Mars

Once in million years: Comet buzzing Mars on Sunday, robotic explorers have best seats

This March 27, 2014 image provided by NASA, ESA, and J.-Y. Li shows comet C/2013 A1, also known as Siding Spring, as captured by Wide Field Camera 3 on NASA's Hubble Space Telescope. (AP Photo/NASA, ESA, J.-Y. Li)

This March 27, 2014 image provided by NASA, ESA, and J.-Y. Li shows comet C/2013 A1, also known as Siding Spring, as captured by Wide Field Camera 3 on NASA's Hubble Space Telescope. (AP Photo/NASA, ESA, J.-Y. Li)  (The Associated Press)

The heavens are hosting an event this weekend that occurs once in a million years or so.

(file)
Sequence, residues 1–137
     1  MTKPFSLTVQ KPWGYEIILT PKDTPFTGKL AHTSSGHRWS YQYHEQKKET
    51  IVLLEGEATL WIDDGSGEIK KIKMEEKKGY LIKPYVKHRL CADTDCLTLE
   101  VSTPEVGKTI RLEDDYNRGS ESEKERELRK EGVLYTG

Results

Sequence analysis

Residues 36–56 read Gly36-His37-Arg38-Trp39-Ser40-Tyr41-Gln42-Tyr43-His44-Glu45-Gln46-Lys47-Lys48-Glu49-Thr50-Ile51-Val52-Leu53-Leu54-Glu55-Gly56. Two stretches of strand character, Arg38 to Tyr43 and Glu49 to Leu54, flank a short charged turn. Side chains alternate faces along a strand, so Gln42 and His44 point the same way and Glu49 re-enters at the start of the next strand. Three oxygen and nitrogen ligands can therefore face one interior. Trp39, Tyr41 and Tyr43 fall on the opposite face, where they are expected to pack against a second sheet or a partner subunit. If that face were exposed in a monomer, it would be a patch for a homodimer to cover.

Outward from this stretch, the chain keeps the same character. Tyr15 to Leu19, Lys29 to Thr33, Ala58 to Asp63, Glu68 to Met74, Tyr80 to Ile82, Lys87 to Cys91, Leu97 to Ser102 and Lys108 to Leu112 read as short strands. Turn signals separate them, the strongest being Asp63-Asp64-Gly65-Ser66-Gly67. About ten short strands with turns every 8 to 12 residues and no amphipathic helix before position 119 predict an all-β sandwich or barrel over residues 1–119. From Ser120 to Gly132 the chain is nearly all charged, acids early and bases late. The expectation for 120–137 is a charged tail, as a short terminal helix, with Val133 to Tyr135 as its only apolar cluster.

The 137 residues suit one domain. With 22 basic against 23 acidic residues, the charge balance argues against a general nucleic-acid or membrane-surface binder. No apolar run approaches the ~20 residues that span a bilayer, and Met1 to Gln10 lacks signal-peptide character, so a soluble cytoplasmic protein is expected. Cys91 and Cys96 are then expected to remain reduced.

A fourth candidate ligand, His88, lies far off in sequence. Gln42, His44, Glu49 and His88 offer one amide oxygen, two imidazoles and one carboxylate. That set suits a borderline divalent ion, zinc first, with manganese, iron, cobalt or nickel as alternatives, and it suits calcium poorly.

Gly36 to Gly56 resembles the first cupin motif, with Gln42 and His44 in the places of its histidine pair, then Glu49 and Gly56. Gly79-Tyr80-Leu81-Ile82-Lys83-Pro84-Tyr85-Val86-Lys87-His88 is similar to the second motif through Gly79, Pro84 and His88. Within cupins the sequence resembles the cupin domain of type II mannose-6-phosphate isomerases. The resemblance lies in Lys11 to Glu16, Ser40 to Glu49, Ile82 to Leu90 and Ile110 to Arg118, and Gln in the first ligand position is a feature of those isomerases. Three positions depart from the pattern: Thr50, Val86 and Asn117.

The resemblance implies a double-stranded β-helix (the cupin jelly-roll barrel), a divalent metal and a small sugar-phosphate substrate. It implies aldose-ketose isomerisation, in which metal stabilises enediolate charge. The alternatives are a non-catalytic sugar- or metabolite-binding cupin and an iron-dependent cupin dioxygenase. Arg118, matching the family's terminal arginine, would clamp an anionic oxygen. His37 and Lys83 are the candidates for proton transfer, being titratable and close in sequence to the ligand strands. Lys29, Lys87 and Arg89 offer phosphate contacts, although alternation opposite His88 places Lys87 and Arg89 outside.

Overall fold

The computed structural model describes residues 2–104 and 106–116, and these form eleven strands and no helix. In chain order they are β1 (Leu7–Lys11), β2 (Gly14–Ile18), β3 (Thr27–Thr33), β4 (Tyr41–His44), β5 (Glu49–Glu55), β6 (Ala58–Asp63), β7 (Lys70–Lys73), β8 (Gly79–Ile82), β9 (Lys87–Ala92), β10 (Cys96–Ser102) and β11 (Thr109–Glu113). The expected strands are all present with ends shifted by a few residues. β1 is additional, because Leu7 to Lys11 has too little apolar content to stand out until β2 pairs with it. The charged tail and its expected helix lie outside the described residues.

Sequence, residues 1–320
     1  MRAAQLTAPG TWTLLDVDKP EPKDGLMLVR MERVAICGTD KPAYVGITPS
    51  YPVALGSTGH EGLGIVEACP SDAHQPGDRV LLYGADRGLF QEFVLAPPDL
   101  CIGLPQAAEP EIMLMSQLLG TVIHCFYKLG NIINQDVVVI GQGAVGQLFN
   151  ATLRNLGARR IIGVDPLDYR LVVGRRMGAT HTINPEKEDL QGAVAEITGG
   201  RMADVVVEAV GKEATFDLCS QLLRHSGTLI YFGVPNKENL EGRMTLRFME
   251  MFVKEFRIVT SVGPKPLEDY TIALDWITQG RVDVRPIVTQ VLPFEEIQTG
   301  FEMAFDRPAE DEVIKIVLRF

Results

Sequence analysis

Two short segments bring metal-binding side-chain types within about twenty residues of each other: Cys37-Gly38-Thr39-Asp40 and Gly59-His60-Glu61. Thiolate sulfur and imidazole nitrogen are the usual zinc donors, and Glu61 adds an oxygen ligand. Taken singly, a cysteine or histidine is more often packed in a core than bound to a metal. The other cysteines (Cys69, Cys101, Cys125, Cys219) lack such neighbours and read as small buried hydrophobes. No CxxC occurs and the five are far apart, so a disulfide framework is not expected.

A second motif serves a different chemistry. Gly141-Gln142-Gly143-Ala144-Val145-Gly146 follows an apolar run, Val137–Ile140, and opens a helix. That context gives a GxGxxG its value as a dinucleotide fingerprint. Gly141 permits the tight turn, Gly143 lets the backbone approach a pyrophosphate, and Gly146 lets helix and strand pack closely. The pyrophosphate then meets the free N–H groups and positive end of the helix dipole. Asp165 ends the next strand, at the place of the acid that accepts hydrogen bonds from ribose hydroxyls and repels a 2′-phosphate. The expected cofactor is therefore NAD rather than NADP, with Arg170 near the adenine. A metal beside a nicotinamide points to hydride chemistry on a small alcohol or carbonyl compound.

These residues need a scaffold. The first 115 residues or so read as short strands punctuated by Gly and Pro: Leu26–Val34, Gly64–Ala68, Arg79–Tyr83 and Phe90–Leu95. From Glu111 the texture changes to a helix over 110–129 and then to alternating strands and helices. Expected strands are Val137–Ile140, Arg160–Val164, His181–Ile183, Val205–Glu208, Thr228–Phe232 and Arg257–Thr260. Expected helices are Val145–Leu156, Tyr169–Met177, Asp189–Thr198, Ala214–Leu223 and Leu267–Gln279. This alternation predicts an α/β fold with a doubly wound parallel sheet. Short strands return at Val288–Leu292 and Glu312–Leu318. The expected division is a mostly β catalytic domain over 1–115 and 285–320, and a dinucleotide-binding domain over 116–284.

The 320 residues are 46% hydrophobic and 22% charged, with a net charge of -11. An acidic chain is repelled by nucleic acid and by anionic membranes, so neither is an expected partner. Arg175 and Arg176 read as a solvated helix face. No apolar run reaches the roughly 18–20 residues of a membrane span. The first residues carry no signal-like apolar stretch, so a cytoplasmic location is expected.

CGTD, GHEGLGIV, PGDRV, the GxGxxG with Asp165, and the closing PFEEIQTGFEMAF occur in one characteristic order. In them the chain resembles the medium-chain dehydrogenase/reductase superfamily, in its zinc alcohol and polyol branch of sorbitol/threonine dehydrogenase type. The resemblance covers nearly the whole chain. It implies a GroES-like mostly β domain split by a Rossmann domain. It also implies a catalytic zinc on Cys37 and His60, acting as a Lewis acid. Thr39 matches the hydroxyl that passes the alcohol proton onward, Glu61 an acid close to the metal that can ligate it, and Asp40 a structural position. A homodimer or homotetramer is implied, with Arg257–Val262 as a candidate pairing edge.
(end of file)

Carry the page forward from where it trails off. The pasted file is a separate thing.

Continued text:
A comet as hefty as a small mountain will pass mind-bogglingly close to Mars on Sunday. The comet called Siding Spring will approach within 87,000 miles of Mars at a speed of 126,000 mph.

NASA's five robotic explorers at Mars are being repurposed to witness the comet's first known visit to the inner solar system. So are a European and an Indian spacecraft circling the red planet.

The orbiting craft will observe the incoming iceball, then hide behind Mars for protection from potentially dangerous debris in the comet tail. NASA's Opportunity and Curiosity rovers will be shielded by the Martian atmosphere. They should have the best seats in the house.